Sehaty Foreign Exchange


  Write for The Iranian
Editorial policy

June 4, 2001

* Understating

Dear Ms. Sohrabi, ["Where do you start?"]

I agree with you that words such as "genocide" and "apartheid", and others such as "(new) Hitler" and "Holocaust" are thrown around quite carelessly these days. However your outrage at Mr. Mirfenderski's article ["Article 64"] seems disproportionate. You say: "How dare anyone stick to segregated buses and beaches and call this situation apartheid?"

But there is more to it than that. You seem very knowledgeable about women's rights in Iran so I will not elaborate for you how the "religious" law has in fact been treating women as non-equals to men especially in the area of family law.

As you say, the problem is cultural as well. The "religious" conservatives's viewing of women as sexual beings whose sole goal in life is to tempt men to fulfill their own sexual desires has affected the interpretation of Islamic edicts on the "modesty" of women, resulting not only in the wearing of the veil but also strong encouragement for the woman to remain in the confines of her home to fulfill her "duties" as wife and mother.

The women you talk about, the courageous "journalists' wives" and parliamentarians who are seeking reform are fighting an uphill battle. That they are striking some victories is a testament to their tenacity against a system that has in fact put in place a legal and cultural structure to render the female population second-class citizens.

You say that the situation of women in Iran is far better than the Blacks in Apartheid-era South Africa because they weren't even considered citizens. You say that what is what actually is going in Iran is a system aimed at reserving freedom only for a small group of people. Iran is simply not "a textbook modern progressive society".

If Mr. Mirfenderskii is guilty of hyperbole, I believe that on the other hand, you are understating, which is not productive either.


* As bad as Affirmative Action

Thanks for a wonderful and insightful article by Guive Mirfenderski ["Article 64"]. It is unfortunate that we need to spend time and effort expounding these issues that, for the most part, have been understood in the civilized democracies.

Article 64 of the Iranian constitution resembles the affirmative action laws in the U.S. that were put on the books to help Black men. They turned out to have the opposite effect. Black men are not any better than they used to be. According to the data, the beneficiaries have been women (White and Black). Black women replaced Black men because they are both women and Black.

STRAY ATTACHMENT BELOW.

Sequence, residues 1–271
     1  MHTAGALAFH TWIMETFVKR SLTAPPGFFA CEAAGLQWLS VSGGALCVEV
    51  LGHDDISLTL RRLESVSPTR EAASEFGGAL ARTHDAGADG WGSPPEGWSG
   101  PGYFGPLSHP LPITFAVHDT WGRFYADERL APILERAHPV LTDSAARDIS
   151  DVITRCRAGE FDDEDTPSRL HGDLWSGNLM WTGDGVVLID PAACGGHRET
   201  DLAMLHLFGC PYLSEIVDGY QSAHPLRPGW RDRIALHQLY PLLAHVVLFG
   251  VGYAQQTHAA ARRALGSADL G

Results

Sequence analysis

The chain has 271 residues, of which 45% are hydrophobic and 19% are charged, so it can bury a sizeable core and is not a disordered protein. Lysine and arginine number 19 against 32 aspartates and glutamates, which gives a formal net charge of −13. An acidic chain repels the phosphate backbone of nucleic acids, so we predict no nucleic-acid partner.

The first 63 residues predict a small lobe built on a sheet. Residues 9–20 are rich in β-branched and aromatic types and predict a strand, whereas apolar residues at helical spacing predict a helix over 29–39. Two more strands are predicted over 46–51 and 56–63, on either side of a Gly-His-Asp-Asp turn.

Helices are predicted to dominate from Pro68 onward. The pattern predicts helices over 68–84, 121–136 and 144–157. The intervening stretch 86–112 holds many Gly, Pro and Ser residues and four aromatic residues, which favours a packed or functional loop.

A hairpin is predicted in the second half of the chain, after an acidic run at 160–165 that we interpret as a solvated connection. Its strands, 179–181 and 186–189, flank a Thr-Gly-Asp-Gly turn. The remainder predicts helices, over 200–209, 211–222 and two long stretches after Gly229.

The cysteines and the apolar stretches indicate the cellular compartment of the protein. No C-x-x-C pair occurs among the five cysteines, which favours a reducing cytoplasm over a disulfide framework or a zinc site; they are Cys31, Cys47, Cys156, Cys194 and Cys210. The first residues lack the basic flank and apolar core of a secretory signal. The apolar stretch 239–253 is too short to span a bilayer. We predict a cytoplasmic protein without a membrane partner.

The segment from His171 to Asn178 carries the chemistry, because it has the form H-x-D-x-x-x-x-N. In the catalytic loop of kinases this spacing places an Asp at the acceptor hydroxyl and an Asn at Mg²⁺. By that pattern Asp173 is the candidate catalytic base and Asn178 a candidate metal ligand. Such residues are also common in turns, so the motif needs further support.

Article 64 is supposedly providing representation for minorities. However, in reality, they are shunned as apostates and their representatives in the Majles are relegated the job of providing window-dressing for religious misconduct of the regime as Guive's article shows. This is another regressive article of the constitution that needs to be eliminated in order to put all Iranians on the same level.

Thanks for bringing it to the fore for our needed attention.

Hamid Zangeneh, Ph.D.
Professor of Economics
Widener University
Chester, Pennsylvania

* Join the real world

Hamid Zanganeh's opinion regarding permanent politicqal and economic developmen in Iran is a typical opinion held by almost all Iranians ["First things first"]. It is so removed from reality, so vastly distant from one's daily life experience within an Iranian community or society outside or inside Iran.

After the Islamic Revolution, wherever Iranians have gone, they have taken their fascist, authoritarian and absolutist values with them and have been and are right now busy exercising them amidst Iranian communities.

All Iranians, inside and outside Iran, possess the mental ability of a three-year-old child, and unless we start properly bringing up this child within us to face the world out there, instead of spoiling it by favouratism, nepotism and exclusiveness etc., we shall remain the three-year-old child we are and have been for thousands of years, forever and ever and all of us will eventually die / leave this sphere of being the same as we have always been: Three-year-old children who do not like other than sweets and lollipops. Why we are like this? Because we are reluctant to let go of ourselves and let the child within us grow up, let our eyes be opened by the hostile world out there. We must look around us to see the reality.